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Texas Wants You to Eat More Deer


You're looking at a venison tenderloin with blackberry brandy beurre blanc Scott Suchman/For the Washington Post/Getty Images
You're looking at a venison tenderloin with blackberry brandy beurre blanc Scott Suchman/For the Washington Post/Getty Images

Texas, we have a problem: too many white-tailed deer. The overpopulation has gotten so bad, in fact, that the Texas Parks & Wildlife Department is considering changes to its white-tailed deer hunting regulations in hopes that hunters will help cull the herd and add more venison to their freezers and plates.

While the statewide deer population isn't considered out of control, there are areas where density is above the desired capacity for the native habitat, says Alan Cain, white-tailed deer program leader, Texas Parks & Wildlife Department, via email.

Several factors have contributed to the population increase. Historically, large predators like wolves and mountain lions kept the numbers in check, but their habitats have dwindled due to urban development.

And deer hunting has simply changed over time. When deer hunting was once meant as a purpose for survival, doe weren't hunted as much so the species would survive. Even after doe days became legal, it was the big bucks — with trophy antlers — that hunters went after. And overpopulation finally caught up.

Now more than ever, hunting is central to controlling the deer. "Hunters play a key role in helping the Texas Parks & Wildlife Department manage deer populations by removing a portion of that population annually," Cain says. "After a hunter harvests one or two deer, their freezers are full, and they may not harvest additional deer that need to be removed to reduce the deer population."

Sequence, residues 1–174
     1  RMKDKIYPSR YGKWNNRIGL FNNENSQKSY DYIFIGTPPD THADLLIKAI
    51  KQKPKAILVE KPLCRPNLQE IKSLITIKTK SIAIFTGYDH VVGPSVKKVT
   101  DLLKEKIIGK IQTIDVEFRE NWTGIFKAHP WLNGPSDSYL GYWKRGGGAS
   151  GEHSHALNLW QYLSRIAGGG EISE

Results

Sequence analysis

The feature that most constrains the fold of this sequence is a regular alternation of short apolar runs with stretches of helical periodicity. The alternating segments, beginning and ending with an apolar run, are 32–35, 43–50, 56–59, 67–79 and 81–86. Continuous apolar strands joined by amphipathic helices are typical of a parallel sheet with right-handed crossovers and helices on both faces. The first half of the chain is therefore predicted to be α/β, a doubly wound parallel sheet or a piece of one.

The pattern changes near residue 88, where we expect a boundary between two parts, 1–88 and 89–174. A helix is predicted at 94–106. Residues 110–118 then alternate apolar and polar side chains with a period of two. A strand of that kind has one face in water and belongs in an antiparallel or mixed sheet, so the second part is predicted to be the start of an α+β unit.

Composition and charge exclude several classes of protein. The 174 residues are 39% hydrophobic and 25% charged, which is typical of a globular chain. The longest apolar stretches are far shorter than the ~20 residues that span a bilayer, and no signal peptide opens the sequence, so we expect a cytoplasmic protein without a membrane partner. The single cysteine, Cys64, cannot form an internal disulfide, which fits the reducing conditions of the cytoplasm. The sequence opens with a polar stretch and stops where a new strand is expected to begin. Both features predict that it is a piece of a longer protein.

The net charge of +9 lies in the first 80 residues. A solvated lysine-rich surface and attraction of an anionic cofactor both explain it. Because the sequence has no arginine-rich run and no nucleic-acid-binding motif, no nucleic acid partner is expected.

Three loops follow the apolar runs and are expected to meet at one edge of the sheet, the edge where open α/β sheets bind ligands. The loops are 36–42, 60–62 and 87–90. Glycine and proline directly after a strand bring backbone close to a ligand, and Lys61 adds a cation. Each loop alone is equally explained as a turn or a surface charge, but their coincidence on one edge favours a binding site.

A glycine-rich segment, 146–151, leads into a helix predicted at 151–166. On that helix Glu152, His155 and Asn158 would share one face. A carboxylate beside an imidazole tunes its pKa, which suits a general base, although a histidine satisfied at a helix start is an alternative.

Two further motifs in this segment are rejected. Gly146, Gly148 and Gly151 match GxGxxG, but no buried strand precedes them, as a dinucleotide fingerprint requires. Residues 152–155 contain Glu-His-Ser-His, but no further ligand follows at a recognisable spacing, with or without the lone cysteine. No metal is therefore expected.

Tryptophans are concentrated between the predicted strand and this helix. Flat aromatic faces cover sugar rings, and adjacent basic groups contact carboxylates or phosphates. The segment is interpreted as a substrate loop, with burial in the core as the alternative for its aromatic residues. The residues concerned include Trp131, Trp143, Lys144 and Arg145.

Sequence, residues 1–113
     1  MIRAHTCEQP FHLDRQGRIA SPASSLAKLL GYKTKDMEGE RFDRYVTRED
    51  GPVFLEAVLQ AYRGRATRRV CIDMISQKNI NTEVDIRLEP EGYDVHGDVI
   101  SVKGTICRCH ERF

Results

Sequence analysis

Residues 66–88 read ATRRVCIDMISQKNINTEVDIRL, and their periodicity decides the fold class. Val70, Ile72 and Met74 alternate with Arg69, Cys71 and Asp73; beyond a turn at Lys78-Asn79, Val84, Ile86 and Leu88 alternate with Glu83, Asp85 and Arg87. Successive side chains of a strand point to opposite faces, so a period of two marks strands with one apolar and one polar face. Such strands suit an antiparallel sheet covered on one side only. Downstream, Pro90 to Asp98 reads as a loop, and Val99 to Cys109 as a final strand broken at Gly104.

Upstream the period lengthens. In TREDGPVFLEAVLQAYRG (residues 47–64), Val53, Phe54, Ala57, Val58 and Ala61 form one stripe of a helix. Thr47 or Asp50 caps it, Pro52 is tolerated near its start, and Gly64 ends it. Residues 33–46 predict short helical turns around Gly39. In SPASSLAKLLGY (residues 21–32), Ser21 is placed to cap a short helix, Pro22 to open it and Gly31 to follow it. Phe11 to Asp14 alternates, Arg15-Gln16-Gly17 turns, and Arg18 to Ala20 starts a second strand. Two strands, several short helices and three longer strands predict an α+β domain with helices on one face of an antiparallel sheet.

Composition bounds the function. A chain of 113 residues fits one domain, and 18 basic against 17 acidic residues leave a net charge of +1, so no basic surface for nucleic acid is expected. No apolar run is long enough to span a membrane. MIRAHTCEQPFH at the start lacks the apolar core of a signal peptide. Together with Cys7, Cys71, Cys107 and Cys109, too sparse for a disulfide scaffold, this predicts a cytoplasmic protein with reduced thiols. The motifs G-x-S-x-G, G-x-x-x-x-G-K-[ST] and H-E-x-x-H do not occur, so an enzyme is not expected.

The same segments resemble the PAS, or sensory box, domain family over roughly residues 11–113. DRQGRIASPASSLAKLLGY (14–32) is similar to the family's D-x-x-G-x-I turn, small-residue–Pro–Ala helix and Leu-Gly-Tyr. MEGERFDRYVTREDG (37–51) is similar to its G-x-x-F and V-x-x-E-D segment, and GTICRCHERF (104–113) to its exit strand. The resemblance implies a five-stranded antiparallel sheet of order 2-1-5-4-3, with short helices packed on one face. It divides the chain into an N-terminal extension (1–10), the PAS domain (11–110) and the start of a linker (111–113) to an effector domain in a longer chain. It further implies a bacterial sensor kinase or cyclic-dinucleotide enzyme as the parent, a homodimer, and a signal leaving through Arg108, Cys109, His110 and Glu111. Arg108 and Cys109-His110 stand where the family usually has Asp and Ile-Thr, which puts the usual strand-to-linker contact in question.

But the new regulations, which will expand doe days in 23 counties and open a muzzleloader season in 32 counties, will provide more hunting opportunities — and more venison to fill up more freezers.

"We encourage hunters to utilize all their tags on their hunting license when and where appropriate, and to introduce new hunters or take others with limited access to hunting areas to the field in hopes of harvesting a deer," Cain says.

Cain did say Texas hunters are already either eating what they harvest or donating to charitable organizations like Hunters for the Hungry, so he's not sure harvesting more doe will encourage hunters to eat more venison. "I hope the changes will increase doe harvest in that region of the state, which would ultimately end up with more venison being consumed, whether by the hunter or whomever receives the venison."

In general, Cain says, Texas hunters are well-educated in deer management and strive to help regulate the population. "Our message to hunters, landowners and the public is that deer populations can and do have dramatic impacts on the native plant communities and habitats if left unchecked," Cain says. "Excessive deer densities have the potential to damage habitats that affect many other species that also rely on those native plants for survival."



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